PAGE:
"Success has many fathers. Failure is an orphan."

That's the nub of today's celebration at Von E. Mauger Middle School in Middlesex, about an hour from now, when Gov. Christie and NJEA leaders will stand hand in hand for the signing of the Teacher Effectiveness and Accountability for the Children Act (also known as the tenure reform bill).

The bill lacks one key element that Christie fought hard for and lost: the elimination of seniority-based lay-offs, or LIFO. The bill contains one key element that NJEA fought hard against and lost: tying student growth to teacher evaluations.

Nonetheless, last Thursday Gov. Christie did a victory dance at the Aspen Institute,  telling the audience,““We just passed tenure reform in New Jersey which ties it directly to student achievement, and allows a teacher to lose tenure after having two years in a row of a partially effective rating or one year of an ineffective rating. And so we had the oldest tenure law in America. It was a 100-year-old law, never been amended. Now when you're a governor and you see a statute that hasn't been amended in 100 years, you know that means somebody's paying to not have that amended. And the people who were paying were the teachers unions.”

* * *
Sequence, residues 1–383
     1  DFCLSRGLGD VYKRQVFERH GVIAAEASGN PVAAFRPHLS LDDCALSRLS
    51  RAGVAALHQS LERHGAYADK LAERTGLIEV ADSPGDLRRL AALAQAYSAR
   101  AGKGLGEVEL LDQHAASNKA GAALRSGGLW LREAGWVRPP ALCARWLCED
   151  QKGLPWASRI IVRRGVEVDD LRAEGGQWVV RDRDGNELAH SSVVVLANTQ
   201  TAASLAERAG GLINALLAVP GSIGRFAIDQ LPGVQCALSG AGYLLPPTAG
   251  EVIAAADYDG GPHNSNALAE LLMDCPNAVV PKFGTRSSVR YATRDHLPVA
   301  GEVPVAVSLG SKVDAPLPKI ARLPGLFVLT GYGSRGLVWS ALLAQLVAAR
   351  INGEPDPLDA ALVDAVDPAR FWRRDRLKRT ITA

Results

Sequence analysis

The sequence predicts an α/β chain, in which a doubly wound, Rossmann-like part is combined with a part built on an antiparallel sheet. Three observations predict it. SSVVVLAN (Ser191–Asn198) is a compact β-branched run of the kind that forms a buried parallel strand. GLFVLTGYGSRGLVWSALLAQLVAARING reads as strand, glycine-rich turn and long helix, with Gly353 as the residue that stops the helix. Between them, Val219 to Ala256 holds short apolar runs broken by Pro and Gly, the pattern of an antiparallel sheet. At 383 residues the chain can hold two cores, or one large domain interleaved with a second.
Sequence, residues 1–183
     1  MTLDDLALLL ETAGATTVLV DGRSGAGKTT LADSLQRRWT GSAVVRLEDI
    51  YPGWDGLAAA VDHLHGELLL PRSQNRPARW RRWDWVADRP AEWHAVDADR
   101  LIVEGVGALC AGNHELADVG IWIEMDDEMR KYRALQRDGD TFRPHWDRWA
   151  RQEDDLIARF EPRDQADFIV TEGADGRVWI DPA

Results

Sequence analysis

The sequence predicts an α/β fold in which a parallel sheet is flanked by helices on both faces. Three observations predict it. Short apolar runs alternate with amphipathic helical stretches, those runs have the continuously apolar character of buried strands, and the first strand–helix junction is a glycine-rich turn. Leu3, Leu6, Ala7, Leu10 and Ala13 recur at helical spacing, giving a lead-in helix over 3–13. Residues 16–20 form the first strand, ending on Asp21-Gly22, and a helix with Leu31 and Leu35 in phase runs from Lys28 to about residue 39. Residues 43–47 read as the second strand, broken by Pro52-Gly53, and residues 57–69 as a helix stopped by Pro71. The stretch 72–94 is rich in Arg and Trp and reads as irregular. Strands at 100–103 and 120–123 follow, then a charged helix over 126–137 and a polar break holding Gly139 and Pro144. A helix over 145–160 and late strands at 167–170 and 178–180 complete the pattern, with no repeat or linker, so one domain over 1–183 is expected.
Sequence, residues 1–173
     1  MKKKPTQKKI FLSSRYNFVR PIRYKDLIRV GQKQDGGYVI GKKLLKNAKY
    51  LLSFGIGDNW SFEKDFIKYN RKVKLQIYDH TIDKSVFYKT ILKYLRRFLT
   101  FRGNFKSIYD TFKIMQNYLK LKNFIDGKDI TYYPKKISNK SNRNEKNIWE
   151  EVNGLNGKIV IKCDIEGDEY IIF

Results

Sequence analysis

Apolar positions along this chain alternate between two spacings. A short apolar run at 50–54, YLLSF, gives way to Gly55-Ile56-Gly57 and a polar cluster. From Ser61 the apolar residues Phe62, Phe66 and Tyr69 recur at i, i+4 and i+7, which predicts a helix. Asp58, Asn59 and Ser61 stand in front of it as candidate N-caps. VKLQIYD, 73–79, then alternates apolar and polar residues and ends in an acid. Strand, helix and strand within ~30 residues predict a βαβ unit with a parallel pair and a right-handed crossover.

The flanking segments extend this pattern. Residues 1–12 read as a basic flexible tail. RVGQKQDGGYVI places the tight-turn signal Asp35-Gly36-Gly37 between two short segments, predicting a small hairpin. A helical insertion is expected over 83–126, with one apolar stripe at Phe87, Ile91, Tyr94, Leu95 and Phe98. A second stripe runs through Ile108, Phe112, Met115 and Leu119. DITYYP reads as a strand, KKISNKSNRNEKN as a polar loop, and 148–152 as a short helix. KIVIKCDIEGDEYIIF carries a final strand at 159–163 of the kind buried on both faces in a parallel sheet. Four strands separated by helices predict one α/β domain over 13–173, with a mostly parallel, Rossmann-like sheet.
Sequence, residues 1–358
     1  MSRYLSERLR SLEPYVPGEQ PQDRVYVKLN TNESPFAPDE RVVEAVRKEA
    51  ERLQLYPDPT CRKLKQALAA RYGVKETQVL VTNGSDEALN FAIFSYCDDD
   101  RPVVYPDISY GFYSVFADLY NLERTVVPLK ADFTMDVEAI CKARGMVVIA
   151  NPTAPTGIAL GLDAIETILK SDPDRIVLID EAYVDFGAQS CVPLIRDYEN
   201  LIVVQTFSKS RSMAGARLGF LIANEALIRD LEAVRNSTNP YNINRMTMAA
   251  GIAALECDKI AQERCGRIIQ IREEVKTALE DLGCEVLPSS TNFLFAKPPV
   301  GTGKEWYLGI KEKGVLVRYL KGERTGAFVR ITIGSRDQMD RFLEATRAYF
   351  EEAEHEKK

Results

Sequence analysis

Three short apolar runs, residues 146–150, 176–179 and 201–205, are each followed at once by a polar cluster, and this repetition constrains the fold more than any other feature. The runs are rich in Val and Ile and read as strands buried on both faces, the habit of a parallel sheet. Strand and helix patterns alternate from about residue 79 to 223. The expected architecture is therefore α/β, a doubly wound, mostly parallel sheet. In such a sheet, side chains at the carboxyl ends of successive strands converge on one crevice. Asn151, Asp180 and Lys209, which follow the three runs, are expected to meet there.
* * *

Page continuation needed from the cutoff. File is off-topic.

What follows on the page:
NJEA officials bristled: "He's taking full credit for it when in fact this bill doesn't reflect what he wanted to do," said Steve Wollmer, spokesman for the New Jersey Teachers Association. "He wanted to basically eliminate all due process laws for teachers. What's the old saying? When you're being run out of town you pretend you're leading a parade." And NJEA Exec. Dir. Vince Giordano noted, “We are happy to be invited, since we played a key role in its passage."

Never mind. As NJ Spotlight reports (also see coverage from The Record and Asbury Park Press; here’s NJEA’s press release), “the fact that a major piece of legislation won support of the entire Senate and Assembly, Democrat and Republican alike, is a significant feat. Christie’s signature will only cement the achievement, with or without everything he wanted in the bill.”

Giordano said the union was pleased to be included, as it has been deeply involved in the talks that led to the final bill. He said it will be the first bill signing of this governor that the NJEA has been invited to.

“We are happy to be invited, since we played a key role in its passage,” Giordano said. “And we will certainly be there.”

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